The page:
The province is packed with experienced fighters and while some Sunni tribes have allied with the government, others are fighting alongside ISIS or sitting on the fence.
Local knowledge is seen as key to retaking territory along the fertile strip lining the Euphrates, where ISIS has inflicted severe military setbacks to the police and army since June.
Iraqi Spring MC notes this takes place as calls for reinforcements of government troops to be sent to . . . Baiji.
That's in northern Iraq, Salahuddin Province. These reinforcements are being sent in to protect . . . Well, not people. There are people in Ramadi who need protection. But the government forces going to Baiji are going to protect an oil refinery.
How did that work out?
Does anyone remember?
Oh, yeah, the Islamic State seized Ramadi -- which they still control today.
But, hey, that refinery in Baiji, that oil refinery is safe.
Iraq Times reports the reaction to citizens in Basra which was to protest Haider's visit. The activists noted that he traveled all the way to Basra to reassure Big Oil but he did not meet with a single local protester to address the concerns that have had them pouring into the streets for the last weeks. The report notes that the British and US Ambassadors to Iraq had lobbied Haider to visit Basra to reassure Big Oil. As Iraq Times also notes, just north of Basra is where a protester -- protesting against Big Oil -- was shot dead by security forces working for yet another foreign oil company in Iraq.
There was a time when -- even under the despicable Nouri al-Maliki -- if foreigners killed an Iraqi citizen, it would be time for immediate arrests and a kangaroo trial.
But in Haider's Iraq, foreign oil companies can kill protesters and the government doesn't even publicly object.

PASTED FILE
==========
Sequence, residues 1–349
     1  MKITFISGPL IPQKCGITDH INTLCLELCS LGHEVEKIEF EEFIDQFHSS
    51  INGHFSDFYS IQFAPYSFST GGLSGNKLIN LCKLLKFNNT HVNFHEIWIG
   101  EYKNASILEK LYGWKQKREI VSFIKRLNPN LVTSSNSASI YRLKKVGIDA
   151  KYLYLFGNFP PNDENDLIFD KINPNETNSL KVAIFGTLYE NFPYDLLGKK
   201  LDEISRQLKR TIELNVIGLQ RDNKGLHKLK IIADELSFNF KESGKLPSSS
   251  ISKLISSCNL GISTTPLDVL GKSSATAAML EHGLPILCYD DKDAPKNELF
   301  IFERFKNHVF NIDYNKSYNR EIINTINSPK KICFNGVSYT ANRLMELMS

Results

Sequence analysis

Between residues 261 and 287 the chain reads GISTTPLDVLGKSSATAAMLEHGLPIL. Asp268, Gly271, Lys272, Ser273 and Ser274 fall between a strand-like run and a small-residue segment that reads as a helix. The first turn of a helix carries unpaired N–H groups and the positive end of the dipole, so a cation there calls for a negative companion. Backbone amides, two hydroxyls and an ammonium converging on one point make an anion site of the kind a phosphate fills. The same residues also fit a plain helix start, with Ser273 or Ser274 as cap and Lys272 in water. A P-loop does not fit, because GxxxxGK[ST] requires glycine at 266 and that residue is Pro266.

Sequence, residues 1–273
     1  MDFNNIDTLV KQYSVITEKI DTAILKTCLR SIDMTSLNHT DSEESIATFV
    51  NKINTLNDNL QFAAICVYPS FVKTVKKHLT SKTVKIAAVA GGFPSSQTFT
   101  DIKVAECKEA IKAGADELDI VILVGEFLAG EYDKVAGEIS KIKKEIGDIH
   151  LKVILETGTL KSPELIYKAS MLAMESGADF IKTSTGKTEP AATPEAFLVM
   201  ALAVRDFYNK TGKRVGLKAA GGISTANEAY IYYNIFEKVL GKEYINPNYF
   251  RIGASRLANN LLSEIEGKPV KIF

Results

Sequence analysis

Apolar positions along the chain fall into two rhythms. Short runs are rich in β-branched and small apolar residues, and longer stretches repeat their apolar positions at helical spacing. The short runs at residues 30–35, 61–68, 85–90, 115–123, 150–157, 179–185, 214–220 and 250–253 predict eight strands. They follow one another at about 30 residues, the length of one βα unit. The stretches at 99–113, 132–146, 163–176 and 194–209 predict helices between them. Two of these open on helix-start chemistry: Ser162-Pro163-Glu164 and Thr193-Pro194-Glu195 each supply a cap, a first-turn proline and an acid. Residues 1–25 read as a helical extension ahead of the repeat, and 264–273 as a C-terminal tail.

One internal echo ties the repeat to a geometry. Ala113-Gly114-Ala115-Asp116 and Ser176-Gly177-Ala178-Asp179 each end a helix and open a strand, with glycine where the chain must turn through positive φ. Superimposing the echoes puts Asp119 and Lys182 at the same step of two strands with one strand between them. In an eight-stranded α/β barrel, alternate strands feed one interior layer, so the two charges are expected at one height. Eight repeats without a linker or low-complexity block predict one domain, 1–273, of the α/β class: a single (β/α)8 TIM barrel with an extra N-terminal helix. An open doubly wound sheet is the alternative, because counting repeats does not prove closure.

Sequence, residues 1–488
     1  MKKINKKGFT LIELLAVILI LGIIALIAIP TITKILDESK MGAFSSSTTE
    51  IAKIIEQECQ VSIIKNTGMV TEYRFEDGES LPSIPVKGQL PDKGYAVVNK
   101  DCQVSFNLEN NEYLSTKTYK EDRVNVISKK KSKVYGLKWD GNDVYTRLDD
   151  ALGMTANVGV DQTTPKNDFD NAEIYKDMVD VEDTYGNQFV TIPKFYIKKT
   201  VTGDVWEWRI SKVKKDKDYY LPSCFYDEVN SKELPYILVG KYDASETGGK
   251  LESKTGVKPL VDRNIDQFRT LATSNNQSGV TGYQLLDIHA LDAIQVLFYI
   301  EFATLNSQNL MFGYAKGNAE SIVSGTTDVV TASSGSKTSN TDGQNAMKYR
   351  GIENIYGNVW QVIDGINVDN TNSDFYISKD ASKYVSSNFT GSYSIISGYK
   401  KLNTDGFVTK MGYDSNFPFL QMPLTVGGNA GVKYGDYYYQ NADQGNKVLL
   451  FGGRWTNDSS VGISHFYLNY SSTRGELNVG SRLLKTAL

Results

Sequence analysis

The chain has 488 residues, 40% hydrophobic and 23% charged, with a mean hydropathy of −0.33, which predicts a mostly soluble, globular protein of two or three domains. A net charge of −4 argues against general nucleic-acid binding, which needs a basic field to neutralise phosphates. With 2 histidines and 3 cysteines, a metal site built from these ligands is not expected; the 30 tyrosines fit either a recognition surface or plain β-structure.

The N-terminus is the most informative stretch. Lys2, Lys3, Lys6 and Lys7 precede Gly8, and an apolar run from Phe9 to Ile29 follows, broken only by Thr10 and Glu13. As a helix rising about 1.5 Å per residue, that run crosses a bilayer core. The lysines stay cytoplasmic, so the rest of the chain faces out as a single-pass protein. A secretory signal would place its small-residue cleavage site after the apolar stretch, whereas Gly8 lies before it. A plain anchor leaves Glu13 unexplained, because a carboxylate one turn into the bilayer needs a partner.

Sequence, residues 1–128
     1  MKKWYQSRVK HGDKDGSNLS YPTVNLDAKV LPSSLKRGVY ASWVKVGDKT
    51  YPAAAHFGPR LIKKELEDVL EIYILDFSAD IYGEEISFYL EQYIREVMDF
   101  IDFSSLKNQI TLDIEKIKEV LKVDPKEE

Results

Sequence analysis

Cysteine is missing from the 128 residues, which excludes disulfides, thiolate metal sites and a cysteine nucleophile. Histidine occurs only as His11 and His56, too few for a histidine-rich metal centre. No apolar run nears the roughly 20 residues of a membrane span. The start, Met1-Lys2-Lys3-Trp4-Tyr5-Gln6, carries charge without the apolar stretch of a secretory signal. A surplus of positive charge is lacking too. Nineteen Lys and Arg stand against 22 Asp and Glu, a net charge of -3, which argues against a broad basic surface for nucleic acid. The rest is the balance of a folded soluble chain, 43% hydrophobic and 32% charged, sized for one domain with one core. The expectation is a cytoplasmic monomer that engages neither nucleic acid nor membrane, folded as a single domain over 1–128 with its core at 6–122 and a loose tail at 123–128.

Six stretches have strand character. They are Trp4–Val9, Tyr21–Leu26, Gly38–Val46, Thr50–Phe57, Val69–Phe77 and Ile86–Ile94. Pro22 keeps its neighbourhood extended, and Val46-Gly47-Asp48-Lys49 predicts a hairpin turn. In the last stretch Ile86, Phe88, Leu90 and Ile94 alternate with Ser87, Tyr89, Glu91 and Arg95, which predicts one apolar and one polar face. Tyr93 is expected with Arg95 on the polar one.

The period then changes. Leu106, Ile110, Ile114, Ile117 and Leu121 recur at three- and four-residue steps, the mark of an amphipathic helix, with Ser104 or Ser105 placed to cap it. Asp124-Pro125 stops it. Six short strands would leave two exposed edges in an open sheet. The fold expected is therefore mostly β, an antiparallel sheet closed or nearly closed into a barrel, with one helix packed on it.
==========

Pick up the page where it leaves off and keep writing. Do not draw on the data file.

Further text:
Basra protesters are targeted in many ways.
Protests continued today, Aref Mohammed, Saif Hameed, Stephen Kalin and Gareth Jones (Reuters) report:
Protesters demanding government reforms have cut off road access to Iraq's southern Umm Qasr commodities port, officials said on Saturday, hampering activity at the harbour which receives grain shipments and heavy equipment used in the oil industry.
Dozens of demonstrators, who have closed the port's two main gates since Friday morning, set up tents overnight and refused to let trucks pass or employees enter the facility, said Ammar al-Safi, a spokesman for the state-run General Company for Ports of Iraq.
The demonstrations came in response to calls initiated by the civil movement against corruption and called for swift action to be taken against corruption and “corrupt” government officials they hold responsible for continued electricity outages, water cuts and rising unemployment rates, reported Aljazeera.
Protesters also demanded the reformation of the judiciary and the elimination of sectarianism throughout government institutions, reported Aljazeera.
The protests are a continuation of demonstrations that started in July as hundreds took to Tahrir Square in Baghdad calling on the government to meet their demands. The protests have continued on a weekly basis, usually erupting on Fridays.
All Iraq News quotes Ammar al-Hakim declaring, "The reforms must be comprehensive and should respond to the citizens' demands. We will defend our country with our souls and blood to prevent anyone who attempts to steal achievements."
On the topic of Ammar:
If true, this would be among the biggest news in Iraq.
Ammar al-Hakim is the leader of the Islamic Supreme Council of Iraq and, as Arabic social media is noting, he's currently in Iran currying favor.
While al-Hakim remains tight with Iran, he's drifted from the United States.
He's taken to slamming the US and its involvement in Iraq in the last 11 months.
He's done so publicly.
And the US government has made very little effort to address that.
We warned about it here.
But apparently the administration knows better and they can blow off and dismiss al-Hakim.